Major Iowa newspaper calls for Rep. Steve King to resign over racist comments about white supremacy

"King should resign. . . because of his abhorrent comments about white nationalism and white supremacy"

Published January 16, 2019 11:01AM (EST)

Rep. Steve King (Getty/Drew Angerer)
Rep. Steve King (Getty/Drew Angerer)

A major newspaper in Rep. Steve King's (R-Iowa) home state has called for the congressman to resign hours after the House of Representatives overwhelmingly voted to condemn white supremacy — a condemnation of King himself.

"Congressman Steve King should resign," begins the Des Moines Register's editorial, which was published late Tuesday afternoon. "He has lost even the potential to effectively represent his Iowa constituents because of his abhorrent comments about white nationalism and white supremacy."

The newspaper's condemnation of King comes amid the fallout from the Iowa congressman's interview with The New York Times last week, in which he revealed that he did not see a problem with the use of the terms "white nationalist" or "white supremacist."

"White nationalist, white supremacist, Western civilization — how did that language become offensive? . . . Why did I sit in classes teaching me about the merits of our history and our civilization?" King said, according to the newspaper.

The editorial board of the Des Moines Register, which is the newspaper with the largest circulation in Iowa, called King's remark to the Times a "career-ending quote" and denounced him for making "Iowa a laughing stock on the national stage with his offensive and absurd remarks about undocumented immigrants, comparing them to dogs or disparaging them as drug mules with calves the size of cantaloupes." (King, in 2013, characterized some children brought into the U.S. illegally as drug mules with "calves the size of cantaloupes, because they're hauling 75 pounds of marijuana across the desert.")

The board also noted that King likely would not take its advice to resign, and insisted that he listen to his Republican colleagues on Capitol Hill.

"We don't expect King to listen to us. But maybe he would listen to [Iowa Sens. Chuck Grassley, Joni Ernst and Gov. Kim Reynolds] and Republicans in his district," the board wrote. "They should encourage him to step aside for the good of the Republican Party and, more importantly, for the good of Iowa."

During the 2018 midterm election cycle, the Des Moines Register editorial board endorsed King's Democratic challenger, J.D. Scholten, over the incumbent congressman himself because "in his almost 16 years in Congress, King has passed exactly one bill as primary sponsor, redesignating a post office. He won't debate his opponent and rarely holds public town halls. Instead, he spends his time meeting with fascist leaders in Europe and retweeting neo-Nazis." Indeed, King's overt racism made his 2018 re-election campaign against Scholten much tighter than it might have otherwise been expected in a traditionally-red district. Still, the Iowa congressman managed to withstand a competitive bid for re-election in Iowa's 4th Congressional District.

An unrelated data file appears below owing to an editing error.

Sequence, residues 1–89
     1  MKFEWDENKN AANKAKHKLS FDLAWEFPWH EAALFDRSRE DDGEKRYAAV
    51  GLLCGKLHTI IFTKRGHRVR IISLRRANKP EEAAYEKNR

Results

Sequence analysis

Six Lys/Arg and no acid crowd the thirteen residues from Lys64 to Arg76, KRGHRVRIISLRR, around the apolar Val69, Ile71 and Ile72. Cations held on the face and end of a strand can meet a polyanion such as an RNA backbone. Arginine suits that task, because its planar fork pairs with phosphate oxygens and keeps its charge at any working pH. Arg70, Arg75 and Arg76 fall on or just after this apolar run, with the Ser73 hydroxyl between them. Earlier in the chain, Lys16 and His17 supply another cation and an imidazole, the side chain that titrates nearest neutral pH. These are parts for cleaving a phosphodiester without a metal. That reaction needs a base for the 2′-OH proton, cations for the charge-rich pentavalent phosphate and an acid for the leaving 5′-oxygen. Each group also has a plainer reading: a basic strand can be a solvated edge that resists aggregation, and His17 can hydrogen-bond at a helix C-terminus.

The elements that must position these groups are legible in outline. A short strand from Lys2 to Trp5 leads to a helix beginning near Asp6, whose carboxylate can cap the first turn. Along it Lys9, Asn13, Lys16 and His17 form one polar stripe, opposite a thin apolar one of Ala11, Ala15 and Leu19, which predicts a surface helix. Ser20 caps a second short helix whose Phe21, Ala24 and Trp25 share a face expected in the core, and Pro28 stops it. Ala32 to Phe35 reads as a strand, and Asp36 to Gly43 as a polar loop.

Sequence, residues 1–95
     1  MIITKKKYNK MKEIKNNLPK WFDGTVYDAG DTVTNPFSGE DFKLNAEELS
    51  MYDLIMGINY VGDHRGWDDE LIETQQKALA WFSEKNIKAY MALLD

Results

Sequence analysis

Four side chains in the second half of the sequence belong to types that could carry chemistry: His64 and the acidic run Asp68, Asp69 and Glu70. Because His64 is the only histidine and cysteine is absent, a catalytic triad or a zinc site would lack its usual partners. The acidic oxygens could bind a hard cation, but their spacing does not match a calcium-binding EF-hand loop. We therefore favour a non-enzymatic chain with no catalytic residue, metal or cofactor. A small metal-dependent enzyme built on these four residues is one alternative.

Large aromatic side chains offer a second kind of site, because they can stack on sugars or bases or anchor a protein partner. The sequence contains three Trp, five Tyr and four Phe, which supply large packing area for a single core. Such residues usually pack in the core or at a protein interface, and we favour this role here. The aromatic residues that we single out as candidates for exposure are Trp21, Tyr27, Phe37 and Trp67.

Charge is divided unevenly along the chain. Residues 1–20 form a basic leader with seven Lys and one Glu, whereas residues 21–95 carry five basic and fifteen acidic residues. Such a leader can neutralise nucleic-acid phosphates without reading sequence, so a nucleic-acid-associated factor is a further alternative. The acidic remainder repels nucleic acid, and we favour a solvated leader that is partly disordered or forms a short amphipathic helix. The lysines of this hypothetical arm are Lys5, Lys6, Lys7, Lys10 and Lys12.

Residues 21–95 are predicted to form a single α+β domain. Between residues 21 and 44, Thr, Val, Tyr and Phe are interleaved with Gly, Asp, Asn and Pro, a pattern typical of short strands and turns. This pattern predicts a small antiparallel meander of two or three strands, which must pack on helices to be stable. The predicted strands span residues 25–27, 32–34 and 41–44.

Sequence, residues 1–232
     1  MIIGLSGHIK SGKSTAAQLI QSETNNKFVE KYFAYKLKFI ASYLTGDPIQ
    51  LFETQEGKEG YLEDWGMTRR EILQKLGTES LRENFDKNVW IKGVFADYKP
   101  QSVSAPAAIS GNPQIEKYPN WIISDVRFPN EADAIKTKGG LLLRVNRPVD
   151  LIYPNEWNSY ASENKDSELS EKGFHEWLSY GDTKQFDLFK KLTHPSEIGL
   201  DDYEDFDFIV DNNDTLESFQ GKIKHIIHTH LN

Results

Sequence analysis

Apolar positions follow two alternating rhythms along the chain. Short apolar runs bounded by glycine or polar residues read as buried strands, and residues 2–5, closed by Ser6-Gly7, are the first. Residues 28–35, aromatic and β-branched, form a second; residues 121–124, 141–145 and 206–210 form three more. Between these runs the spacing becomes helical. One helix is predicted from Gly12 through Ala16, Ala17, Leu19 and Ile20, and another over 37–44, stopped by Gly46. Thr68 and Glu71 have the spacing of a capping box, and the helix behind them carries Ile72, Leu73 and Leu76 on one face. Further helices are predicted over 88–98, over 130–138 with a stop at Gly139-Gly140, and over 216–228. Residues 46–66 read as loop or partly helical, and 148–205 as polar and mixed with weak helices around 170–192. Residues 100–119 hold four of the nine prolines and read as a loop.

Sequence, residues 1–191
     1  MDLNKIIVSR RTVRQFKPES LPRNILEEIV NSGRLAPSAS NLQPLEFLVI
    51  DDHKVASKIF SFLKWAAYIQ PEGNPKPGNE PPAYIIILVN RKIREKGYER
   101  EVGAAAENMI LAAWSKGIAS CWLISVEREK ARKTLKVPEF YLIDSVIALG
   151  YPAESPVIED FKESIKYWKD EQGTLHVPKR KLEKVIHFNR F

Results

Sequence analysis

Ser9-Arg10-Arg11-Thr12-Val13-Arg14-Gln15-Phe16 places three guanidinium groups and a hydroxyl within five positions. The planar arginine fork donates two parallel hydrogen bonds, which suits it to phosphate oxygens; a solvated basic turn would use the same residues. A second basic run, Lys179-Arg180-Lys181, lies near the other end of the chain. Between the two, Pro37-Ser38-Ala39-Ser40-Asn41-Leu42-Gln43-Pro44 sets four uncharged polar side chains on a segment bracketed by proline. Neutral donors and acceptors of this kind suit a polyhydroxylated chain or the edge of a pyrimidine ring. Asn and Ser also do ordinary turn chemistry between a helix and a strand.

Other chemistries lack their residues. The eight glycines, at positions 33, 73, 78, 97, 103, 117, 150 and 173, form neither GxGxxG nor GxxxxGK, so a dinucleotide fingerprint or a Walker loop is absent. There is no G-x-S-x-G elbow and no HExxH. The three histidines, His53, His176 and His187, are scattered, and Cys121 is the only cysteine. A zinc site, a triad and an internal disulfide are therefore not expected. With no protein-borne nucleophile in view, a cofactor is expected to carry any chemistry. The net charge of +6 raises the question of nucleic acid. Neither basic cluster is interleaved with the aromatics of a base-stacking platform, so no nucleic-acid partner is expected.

It is unclear why the backlash following King's interview with the Times, which was published last Thursday, prompted House Republicans leaders to finally reach their breaking point and rebuke King, after years of tolerating the Iowa representative's blatant racism and comments that suggest empathy towards white nationalism. In response to the Times' story, Senate Majority Leader Mitch McConnell (R-Ky.) on Sunday called King "unwelcome and unworthy of his elected position." Rep. Liz Cheney (R-Wy.), the third-ranking Republican in the House of Representatives, called on King to step down on Tuesday.

In the wake of the racist remarks made by King, House Minority Leader Kevin McCarthy (R-Calif.) and other House Republicans voted to revoke King's committee assignments as punishment. King called McCarthy's decision to remove him from committees "a political decision that ignores the truth." The following day, the House overwhelmingly voted to pass House Resolution 41 — a formal condemnation of white nationalism and white supremacy introduced by Majority Whip James Clyburn (D-S.C.). Even King voted in favor of the resolution, saying, "I agree with the language in it."

"I want to ask my colleagues on both sides of the aisle, let's vote for this resolution," King said on the House floor. "I'm putting up a 'yes' on the board here, because what you say here is right and is true and is just. And so is what I have stated here on the floor of the House."

By Shira Tarlo

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